This Contraceptive Pearl reviews considerations for contraceptives with patients post bariatric surgery. As the number of bariatric surgical procedures among reproductive-aged women increases, contraceptive counseling before surgery rises in importance.
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As Intrauterine Device (IUD) use increases, clinicians will confront the problem of missing IUD strings more often. This Contraceptive Pearl answers the question: What’s the best way to manage missing IUD strings?
We all know that hormonal contraceptives prevent pregnancy. Hormonal birth control products may benefit your patients in many other ways, too. These non-contraceptive health benefits can help clinicians who have to deal with religious restrictions on clinical practice.
Even though progestin emergency contraception (EC) is now available over the counter, health care providers continue to play an important educational role. This Contraceptive Pearl covers three types of EC and their risks and benefits.
This Contraceptive Pearl covers best clinical practices for providing progestin re-injections to patients.
Nearly half of all pregnancies in the U.S are unintended, and teens are at highest risk for experiencing an unwanted pregnancy. Does comprehensive contraceptive counseling affect women’s decisions?
Using condoms along with the pill, patch, or ring reduces the risk of unintended pregnancy and sexually transmitted infection (STI). This Contraceptive Pearl covers dual method protection.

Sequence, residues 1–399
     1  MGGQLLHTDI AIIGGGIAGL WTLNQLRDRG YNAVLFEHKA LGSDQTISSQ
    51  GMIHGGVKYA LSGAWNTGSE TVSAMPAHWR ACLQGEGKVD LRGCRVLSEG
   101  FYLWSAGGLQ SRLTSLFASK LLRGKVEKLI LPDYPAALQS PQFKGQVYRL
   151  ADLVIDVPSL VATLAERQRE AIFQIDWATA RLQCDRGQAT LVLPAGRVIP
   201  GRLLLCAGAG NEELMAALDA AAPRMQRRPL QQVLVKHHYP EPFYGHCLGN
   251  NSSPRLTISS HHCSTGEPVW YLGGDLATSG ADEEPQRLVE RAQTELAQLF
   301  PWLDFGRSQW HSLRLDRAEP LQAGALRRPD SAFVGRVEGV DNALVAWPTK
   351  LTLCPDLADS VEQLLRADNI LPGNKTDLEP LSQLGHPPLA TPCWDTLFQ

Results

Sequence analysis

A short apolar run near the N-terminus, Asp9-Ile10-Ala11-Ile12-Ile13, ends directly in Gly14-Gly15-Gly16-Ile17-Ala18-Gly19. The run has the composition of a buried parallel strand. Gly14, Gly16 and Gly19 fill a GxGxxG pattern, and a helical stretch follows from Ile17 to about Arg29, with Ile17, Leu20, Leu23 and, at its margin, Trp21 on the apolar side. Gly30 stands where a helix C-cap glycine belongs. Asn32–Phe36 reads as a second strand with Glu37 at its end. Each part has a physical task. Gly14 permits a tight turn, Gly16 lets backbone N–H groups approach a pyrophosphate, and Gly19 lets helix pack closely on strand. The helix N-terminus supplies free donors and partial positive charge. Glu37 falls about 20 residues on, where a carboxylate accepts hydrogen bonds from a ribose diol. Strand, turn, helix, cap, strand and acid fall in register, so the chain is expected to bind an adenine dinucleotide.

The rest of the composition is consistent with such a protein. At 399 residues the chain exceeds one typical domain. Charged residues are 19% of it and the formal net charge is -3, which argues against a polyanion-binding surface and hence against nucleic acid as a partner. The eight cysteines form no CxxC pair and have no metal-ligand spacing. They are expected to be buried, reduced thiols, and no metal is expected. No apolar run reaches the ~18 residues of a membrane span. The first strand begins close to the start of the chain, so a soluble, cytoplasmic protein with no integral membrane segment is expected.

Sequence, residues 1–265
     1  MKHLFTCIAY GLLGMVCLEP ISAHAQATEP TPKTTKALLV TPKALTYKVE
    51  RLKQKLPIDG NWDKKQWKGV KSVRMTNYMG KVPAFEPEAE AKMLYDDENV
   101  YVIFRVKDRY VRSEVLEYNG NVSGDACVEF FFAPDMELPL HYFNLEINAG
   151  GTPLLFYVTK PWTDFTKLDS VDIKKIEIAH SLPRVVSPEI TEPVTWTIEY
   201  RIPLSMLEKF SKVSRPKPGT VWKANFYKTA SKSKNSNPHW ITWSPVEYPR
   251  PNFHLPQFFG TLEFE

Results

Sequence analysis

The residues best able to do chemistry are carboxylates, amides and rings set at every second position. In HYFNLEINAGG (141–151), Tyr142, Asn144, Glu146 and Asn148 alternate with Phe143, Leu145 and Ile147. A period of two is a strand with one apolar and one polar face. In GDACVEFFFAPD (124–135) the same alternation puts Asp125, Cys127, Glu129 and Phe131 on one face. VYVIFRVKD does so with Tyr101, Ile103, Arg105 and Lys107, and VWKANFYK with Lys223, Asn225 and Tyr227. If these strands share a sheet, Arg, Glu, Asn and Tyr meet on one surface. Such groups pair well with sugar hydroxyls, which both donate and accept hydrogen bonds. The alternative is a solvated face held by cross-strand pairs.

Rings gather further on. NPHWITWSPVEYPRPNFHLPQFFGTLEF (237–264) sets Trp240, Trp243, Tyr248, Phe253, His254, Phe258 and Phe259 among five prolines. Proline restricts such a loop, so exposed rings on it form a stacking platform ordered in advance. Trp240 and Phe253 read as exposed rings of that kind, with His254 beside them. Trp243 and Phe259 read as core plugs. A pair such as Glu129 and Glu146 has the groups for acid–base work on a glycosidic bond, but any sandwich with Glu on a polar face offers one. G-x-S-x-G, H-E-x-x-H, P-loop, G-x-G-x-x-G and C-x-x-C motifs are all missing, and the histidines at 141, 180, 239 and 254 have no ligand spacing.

Male condoms are one of the most inexpensive and easily accessible forms of contraception. Most condoms are made of latex. However, about 6% of the U.S population has a latex allergy. This Contraceptive Pearl discusses non-latex condoms.
Clinician Question: Is my patient more likely to get pregnant right after she uses EC? This Contraceptive Pearl covers the risks of pregnancy following the use to emergency contraception pills and what providers can do to avoid unintended pregnancies after emergency contraception use.
Hormonal contraceptives’ effect on blood pressure depends on the type of synthetic estrogen/progestin and hormone dosage. This Contraceptive Pearl covers the risks of hormonal contraception and how to best establish medical eligibility for initiating hormonal contraception.
Contraceptive PearlsThis monthly clinical e-newsletter highlights evidence-based best practices for contraceptive care
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